Haunted Garage


There was a point in the early '90s when the British rock press tried to capitalize on the fleeting success of Green Jellö/Jellÿ by aligning them with fellow L.A. band Haunted Garage, as some sort of SoCal horror-rock scene. Truth is, though, Haunted Garage were always far darker and heavier, despite being bathed in campy B-movie gory glory. Dukey Flyswatter formed the Garage in '85, with the sole studio album, 1991's Possession Park, coming out in '91 on Metal Blade. There have been a handful of EPs and soundtrack appearances, too, but it's always been about the live show with these guys. Bathed in blood and surrounded by their signature “gore gore girls” (not Amy Gore's Detroit band of the same name), the prop-filled live extravaganza is a true experience, and this show, a benefit for Flyswatter (he undergoes brain surgery Dec. 10), should be no different. —Brett Callwood

sun 12/2



Over this Saturday and Sunday, Decibel magazine's Metal & Beer Fest will take over the Wiltern, with the likes of Testament, Godflesh, The Black Dahlia Murder, Pig Destroyer, Power Trip, Khemmis and Skeletal Remains, among many others, providing the intense entertainment. It's the Sunday headliner that will likely raise the most eyebrows, through. Triptykon are a Swiss metal band formed by former Celtic Frost mainman Thomas Gabriel Fischer, aka Tom Warrior (also of Hellhammer and Apollyon Sun). Metal pioneers Celtic Frost have been on-and-off for decades, most recently splitting in 2008, but on Sunday, Triptykon will perform a special Celtic Frost set. It should be good, too; Fischer stated his intention early on to make Triptykon sound as close to Celtic Frost as “humanly possible,” and he's done just that. Also Saturday, Dec. 1. —Brett Callwood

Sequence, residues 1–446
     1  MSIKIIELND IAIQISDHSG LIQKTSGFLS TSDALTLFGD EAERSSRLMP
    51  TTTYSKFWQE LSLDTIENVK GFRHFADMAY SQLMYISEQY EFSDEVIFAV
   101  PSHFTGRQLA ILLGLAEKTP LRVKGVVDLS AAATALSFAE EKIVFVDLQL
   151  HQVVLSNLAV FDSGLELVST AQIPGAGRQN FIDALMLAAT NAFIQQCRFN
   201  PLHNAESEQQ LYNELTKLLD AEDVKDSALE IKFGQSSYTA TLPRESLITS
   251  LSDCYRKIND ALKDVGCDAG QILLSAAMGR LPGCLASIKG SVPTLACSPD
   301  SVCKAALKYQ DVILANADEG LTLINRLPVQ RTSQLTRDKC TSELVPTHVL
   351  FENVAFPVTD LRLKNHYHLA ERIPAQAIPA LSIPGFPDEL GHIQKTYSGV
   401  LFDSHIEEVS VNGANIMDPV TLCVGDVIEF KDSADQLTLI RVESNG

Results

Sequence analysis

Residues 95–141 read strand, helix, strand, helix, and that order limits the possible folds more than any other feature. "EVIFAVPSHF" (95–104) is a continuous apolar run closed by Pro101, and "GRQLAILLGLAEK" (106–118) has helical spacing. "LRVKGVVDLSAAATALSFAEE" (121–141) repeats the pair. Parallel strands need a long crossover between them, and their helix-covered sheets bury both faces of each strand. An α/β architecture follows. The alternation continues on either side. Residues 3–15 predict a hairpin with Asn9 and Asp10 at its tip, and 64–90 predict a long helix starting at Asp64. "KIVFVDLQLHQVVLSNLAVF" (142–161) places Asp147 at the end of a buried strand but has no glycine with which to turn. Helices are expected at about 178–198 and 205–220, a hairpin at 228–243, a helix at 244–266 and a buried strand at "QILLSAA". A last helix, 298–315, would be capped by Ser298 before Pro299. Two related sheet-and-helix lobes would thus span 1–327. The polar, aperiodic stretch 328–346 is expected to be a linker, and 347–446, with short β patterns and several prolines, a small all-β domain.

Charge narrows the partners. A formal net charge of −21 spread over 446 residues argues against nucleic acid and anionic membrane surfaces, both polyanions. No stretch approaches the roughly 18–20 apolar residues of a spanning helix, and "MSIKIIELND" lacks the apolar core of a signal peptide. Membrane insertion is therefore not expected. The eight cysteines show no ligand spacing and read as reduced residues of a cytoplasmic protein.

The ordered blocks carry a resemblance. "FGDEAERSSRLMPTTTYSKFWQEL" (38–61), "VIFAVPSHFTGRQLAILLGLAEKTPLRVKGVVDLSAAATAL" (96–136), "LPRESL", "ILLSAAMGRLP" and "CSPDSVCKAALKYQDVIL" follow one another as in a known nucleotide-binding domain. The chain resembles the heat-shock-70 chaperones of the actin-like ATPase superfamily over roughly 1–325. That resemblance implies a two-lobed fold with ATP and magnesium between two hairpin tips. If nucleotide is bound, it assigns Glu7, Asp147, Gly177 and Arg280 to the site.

Hand Habits; Credit: Aubrey Trinnamen

Hand Habits; Credit: Aubrey Trinnamen

mon 12/3

Hand Habits, Emily Sprague, Julianna Barwick, Anna St. Louis


Hand Habits is a project from Meg Duffy, an L.A. singer and guitarist from upstate New York who has played with Weyes Blood, Mega Bog and Kevin Morby. The songs on Hand Habits' 2017 album, Wildly Idle (Humble Before the Void), are generally laid-back indie-pop reveries, with such gentle ballads as “Flower Glass” and “Actress” alternating with occasional arty interludes like the sound collage of murmuring voices “Greater L.A. (Scene).” Emily Sprague is another local singer with roots back east, and her new album, Mount Vision, is a more synthesized array of lulling electronic and piano-driven soundscapes. Julianna Barwick spins her ethereal voice within hypnotic electronic loops on such moving, slowly unwinding releases as Nepenthe and Will. Anna St. Louis' new album, If Only There Was a River, is streaked with contemplative strains of rural folk and Americana. —Falling James

Sasha Sloan; Credit: Dari Kreitenberg Photo

Sasha Sloan; Credit: Dari Kreitenberg Photo

tue 12/4

Sasha Sloan


“Why do I try to fit in?” Sasha Sloan wonders on “Normal,” from her debut EP, sad girl. “I just want to feel normal for the night, keep on kissing that guy that's not my type.” It's an appealing revelation of vulnerability from the local pop singer, who was born in Boston. The six songs on Sloan's new EP are coated in a veneer of sugary arrangements and production, and she's clearly aiming for the middle of the road and a mainstream kind of success, but there are nonetheless charmingly idiosyncratic moments interspersed among such piano ballads as “Fall.” The singer infuses “Ready Yet” with a laid-back R&B vibe, and she finds herself “strung out in the back of a black car” on the romantic lamentation “Runaway.” Also Wednesday, Dec. 4. —Falling James